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An Introduction to eZ Publish Concepts

Tuesday 22 May 2007 10:00:00 am

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What is object-orientation?

The eZ Publish content structure is based on ideas borrowed from object-oriented programming languages like Java and C++. Superficially, object-oriented (OO) means looking at the world in terms of objects. In real life, people are surrounded by many objects, such as furniture, cars, pets, and other people. Each of these objects have traits. This is also the way content is described and managed within eZ Publish - with objects and attributes (traits).

eZ Publish supports various types of content, such as images, articles, multimedia files, forums and feedback forms. A content type is called a content class (or "class" for short), while a specific piece of content is called a content object (or "object" for short).

A data structure is defined by a content class, and a content class is made up of attributes. An attribute can be thought of as a field. The characteristics of the attributes are determined by the datatypes. The following illustration summarizes and shows the relation between datatypes, attributes, content classes and content objects. The content objects are instances of the same content class, which means that they are of the same type but contain different data.

Content class

A content class can be thought of as a structural blueprint for a particular type of content. The properties of that content are referred to as attributes. For example, the Article content class contains attributes like title, name of author, introduction text and the text of the article.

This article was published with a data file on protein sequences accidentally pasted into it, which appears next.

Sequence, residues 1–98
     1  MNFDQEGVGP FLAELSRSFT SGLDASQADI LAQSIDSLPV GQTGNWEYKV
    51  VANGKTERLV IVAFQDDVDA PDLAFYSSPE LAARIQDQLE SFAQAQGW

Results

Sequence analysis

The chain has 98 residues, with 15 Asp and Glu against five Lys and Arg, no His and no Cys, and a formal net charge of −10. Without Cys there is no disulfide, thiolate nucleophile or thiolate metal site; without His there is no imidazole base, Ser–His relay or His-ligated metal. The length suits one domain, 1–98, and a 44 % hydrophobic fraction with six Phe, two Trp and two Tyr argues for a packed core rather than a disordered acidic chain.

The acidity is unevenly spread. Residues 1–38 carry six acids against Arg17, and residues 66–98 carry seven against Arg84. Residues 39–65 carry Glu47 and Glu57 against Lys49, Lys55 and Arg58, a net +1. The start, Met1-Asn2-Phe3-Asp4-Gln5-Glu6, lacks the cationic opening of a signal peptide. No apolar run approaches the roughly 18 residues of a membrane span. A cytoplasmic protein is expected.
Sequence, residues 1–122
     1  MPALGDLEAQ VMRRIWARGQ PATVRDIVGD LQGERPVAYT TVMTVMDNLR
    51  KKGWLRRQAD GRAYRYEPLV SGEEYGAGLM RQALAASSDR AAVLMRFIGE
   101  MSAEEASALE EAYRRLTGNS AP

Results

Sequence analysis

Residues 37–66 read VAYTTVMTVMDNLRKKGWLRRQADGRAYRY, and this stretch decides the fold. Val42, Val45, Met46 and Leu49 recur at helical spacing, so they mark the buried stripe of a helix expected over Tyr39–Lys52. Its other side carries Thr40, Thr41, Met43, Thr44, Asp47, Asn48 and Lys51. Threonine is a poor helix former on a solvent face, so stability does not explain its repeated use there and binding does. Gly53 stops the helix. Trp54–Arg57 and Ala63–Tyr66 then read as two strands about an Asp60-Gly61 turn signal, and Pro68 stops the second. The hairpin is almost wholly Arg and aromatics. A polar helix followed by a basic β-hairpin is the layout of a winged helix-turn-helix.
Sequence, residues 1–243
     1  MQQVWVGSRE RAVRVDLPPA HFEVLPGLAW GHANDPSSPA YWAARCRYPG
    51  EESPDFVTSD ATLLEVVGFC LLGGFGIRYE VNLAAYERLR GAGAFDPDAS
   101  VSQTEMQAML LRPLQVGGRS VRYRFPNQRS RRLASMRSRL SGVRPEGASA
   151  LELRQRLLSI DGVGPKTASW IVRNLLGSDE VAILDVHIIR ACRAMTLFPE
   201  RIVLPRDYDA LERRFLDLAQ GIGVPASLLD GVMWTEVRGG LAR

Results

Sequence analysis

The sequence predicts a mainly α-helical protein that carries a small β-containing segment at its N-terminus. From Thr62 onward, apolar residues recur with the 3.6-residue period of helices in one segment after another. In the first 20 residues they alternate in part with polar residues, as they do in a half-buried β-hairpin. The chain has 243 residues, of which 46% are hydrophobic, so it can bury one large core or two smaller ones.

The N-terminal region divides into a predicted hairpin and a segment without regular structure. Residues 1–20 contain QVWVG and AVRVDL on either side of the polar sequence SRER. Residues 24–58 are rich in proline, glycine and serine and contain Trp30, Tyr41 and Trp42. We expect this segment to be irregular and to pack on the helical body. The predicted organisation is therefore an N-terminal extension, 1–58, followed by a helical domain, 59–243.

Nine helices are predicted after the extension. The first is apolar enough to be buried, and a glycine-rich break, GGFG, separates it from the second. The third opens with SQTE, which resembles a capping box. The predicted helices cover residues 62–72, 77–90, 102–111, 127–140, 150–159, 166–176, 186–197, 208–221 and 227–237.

A datatype describes the type of value that can be stored in an attribute and is the smallest possible entity of storage. It determines how a specific type of information should be validated, stored and retrieved.

Datatypes, attributes, a content class and objects

Content object

It is important to understand that a content class is just a definition of an arbitrary structure. In other words, the class itself does not store any actual data. Once a content class has been defined, it is possible to create instances of that class. An instance of a content class is called a content object. Actual content is stored inside objects (for example, folders, articles, comments, employees and members) in attributes.

Versions and translations

A content object consists of at least one version. Every time you save changes to an object, a version is saved. If it the first time you save changes (compared to how the object displays on the website), a new version is created. Otherwise, an existing version will simply be updated. This additional layer makes it possible to have different versions of the same content. Each version further consists of at least one translation. The translation layer makes it possible to represent the same version of the same content in multiple languages. It is this final translation layer that holds the attributes of an object.

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